Food & Drink

I ate chicken feet and thousand-year-old eggs in Manchester’s Chinatown – and I loved it

The Manc's Food and Drink Editor took a deep dive into Chinese delicacies at Mei Dim, and fell in love with its baskets of chicken feet, thousand year old egg congee and beef tripe.

Georgina Pellant Georgina Pellant - 20th January 2023

Chicken feet, tripe, and thousand-year-old eggs might not be the first things you think to order when visiting a restaurant in Manchester’s Chinatown, but if you’re paying a visit to Mei Dim then you really need to give it a go. If not, you’re seriously missing out.

A non-descript basement canteen tucked underground on Faulkner Street, from the outside its laminated pictoral menus give very little clue as to the delights within. But they’re very much there for the taking, if you’re daring enough to step out of your comfort zone.

Visiting on a chilly Monday lunchtime, this is exactly what I’ve vowed to do – with a little help from a friend who not only speaks fluent Cantonese, but also lived in Hong Kong as a child and has a chef for a dad.

Armed with knowledge, he’s the best dining partner I could ask for: patiently explaining the menu to me and then delighting when I announce, at the end of our meal, that I’ve fallen in love with chicken feet. ‘At last’, he says, he’s found a white person who will eat ‘the weird stuff’ with him. It’s the start of a beautiful new chapter for us.

After some back and forth, followed by some wrangling with the staff in Cantonese, he manages to convince them to give us a sheet of paper to ‘tick off’ our dim sum choices. This, I’m told, is how it’s meant to be done – with the staff taking one half, and leaving the other on your table to count off the dishes as they arrive.


At this point I realise it’s a good thing I’m not alone, because I really have no idea what I’m doing. Although there is an English menu provided, there’s also a second specials menu that has absolutely no translation.

The service is also perfunctory at best, or at least it is before they warm up to us. Left to my own devices, my awkward self would’ve probably already upped and left, only to miss out on one of the best meals of my life.


We reel off our order: steamed chicken feet and beef tripe, a steaming bowl of congee (made with a thousand year old egg), steamed custard and egg yolk buns, roasted pork cheung fun, and Shanghai-style soup dumplings.

‘Have we gone too weird?’ we wonder out loud, before deciding no, not at all. At this point, I’m very much in for a penny, in for a pound.

Meaty congee with thousand year old egg at Mei Dim. / Image: The Manc Eats
Steamed beef tripe with ginger and spring onion at Mei Dim, pictured above egg yolk custard buns. / Image: The Manc Eats

It doesn’t take long before our first dish arrives, a plate of slippery-looking cheung fun – a thin, gelatinous and slightly chewy rice noodle roll filled with pork then drizzled in soy sauce.


It’s followed, swiftly, by a tower of bamboo baskets, filled with chicken feet, steamed beef tripe with ginger and spring onion, plump steamed custard buns and our steamed soup dumplings – all dumped, rather unceremoniously might I add, on our table.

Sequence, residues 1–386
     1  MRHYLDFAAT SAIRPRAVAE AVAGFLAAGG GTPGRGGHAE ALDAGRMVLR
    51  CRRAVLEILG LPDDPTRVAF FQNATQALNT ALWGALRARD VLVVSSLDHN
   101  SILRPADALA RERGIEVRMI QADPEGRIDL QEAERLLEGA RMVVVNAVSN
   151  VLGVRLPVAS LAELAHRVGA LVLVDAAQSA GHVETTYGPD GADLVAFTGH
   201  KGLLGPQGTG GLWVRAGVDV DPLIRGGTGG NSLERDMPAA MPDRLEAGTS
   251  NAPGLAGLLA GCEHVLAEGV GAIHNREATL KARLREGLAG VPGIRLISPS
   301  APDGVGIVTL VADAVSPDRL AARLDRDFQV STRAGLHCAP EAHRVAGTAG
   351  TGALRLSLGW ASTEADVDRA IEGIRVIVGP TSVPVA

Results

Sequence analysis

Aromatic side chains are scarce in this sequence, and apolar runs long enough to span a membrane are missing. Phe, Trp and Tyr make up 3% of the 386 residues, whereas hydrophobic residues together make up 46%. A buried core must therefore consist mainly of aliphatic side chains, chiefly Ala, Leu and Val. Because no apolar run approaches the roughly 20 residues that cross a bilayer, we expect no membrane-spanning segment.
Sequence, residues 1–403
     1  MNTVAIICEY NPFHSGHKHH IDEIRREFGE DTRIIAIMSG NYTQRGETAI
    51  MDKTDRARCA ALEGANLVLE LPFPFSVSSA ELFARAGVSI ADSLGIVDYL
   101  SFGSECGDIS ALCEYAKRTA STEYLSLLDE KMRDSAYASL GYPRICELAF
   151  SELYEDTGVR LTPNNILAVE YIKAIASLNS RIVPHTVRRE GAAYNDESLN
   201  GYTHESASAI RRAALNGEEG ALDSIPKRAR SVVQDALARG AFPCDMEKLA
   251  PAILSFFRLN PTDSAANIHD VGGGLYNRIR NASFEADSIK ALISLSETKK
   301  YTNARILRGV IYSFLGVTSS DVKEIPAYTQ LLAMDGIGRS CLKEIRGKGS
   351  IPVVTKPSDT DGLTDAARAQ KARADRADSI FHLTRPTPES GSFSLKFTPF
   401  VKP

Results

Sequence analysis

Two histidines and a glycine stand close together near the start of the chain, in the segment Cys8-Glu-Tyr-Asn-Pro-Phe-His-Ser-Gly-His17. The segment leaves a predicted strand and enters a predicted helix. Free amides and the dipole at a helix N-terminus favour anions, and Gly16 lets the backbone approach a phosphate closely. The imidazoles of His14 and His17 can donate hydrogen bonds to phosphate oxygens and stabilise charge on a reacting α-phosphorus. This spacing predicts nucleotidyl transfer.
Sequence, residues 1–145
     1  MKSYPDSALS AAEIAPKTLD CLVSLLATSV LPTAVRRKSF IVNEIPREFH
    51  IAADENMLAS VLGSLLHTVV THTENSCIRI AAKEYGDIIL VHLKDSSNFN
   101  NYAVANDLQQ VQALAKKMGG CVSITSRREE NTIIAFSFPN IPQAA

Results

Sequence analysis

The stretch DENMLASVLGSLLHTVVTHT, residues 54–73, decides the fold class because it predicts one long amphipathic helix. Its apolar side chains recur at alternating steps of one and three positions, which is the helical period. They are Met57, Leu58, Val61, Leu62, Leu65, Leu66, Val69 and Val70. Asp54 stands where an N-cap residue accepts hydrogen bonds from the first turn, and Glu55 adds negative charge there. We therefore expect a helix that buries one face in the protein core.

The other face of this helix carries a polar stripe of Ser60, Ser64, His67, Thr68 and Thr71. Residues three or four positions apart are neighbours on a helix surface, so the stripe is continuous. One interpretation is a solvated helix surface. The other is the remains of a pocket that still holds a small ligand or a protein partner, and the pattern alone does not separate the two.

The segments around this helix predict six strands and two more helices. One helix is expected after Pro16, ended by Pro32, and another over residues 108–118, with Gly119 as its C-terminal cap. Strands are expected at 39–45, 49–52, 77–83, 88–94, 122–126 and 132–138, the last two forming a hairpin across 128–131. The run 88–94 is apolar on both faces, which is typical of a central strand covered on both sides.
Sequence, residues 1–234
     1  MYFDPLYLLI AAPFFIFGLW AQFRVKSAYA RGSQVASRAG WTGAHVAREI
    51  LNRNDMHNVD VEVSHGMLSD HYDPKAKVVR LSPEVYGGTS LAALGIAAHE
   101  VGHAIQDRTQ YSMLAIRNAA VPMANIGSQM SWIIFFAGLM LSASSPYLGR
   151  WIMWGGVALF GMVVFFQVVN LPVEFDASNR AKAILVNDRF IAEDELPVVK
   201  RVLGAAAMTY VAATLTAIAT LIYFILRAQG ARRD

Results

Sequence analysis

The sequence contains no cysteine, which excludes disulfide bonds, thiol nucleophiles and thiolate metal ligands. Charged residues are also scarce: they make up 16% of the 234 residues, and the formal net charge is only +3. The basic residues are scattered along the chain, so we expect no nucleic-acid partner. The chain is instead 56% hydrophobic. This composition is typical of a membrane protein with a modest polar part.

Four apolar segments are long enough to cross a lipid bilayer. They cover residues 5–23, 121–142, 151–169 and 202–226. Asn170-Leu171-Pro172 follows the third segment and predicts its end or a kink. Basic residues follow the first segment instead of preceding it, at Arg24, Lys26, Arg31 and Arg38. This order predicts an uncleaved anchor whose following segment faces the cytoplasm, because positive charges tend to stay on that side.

Once the curtain of steam between us evaporates, we survey the spoils. My nerves about eating feet dispelled, I take some quick instruction on how to remove the skin from the bones with my tongue then get stuck in.

Quickly realising these feet are 99% skin (in my opinion, one of the best parts of the bird) it dawns on me: I’ve finally found a dish where it’s acceptable to only eat chicken skin, without ingesting any actual meat. No wonder so many people rave about this as a comfort food.

Egg yolk custard buns at Mei DIm. / Image: The Manc Eats
Cheung fun with pork at Mei Dim. / Image: The Manc Eats

And as for that thousand-year-old egg? If anything, it’s a misnomer. A couple of weeks, or months old at best, sitting in a mixture of clay, ash, salt, quicklime and rice hulls makes it rich in flavour and adds a hefty dose of umami to a meaty bowl of congee.

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Beyond that, the greatest delights of the day have to be the egg yolk custard buns, satisfactorily oozing their hot golden goo at the slightest pressure. When Giggs grins and tells me that he hasn’t had any this good since leaving Hong Kong, I know we’re on to a winner here.

Although Mei Dim has a distinct lack of social media presence, the fact that most of its clientele are Chinese speaks volumes as to the quality. It also has a great word-of-mouth reputation, which is how I stumbled across it in the first place.

That said, it’s not going to be for everyone and there are plenty of keyboard warriors who’ve taken the time to slag this place off. Quite a few scathing TripAdvisor reviews bemoan its old school decor and lack of ‘friendly’ service, but I rather like it. If anything, it makes it feel more authentic.

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This is how I remember Chinatown always used to be when growing up, and I think there’s something to be said for a restaurant more interested in what’s coming out of its kitchen than the tables it’s being served on.


Simply put: if you want to be fawned over, you’re probably best off going elsewhere. But if you want great dim sum, Mei Dim is an absolute must.

Feature image – The Manc Eats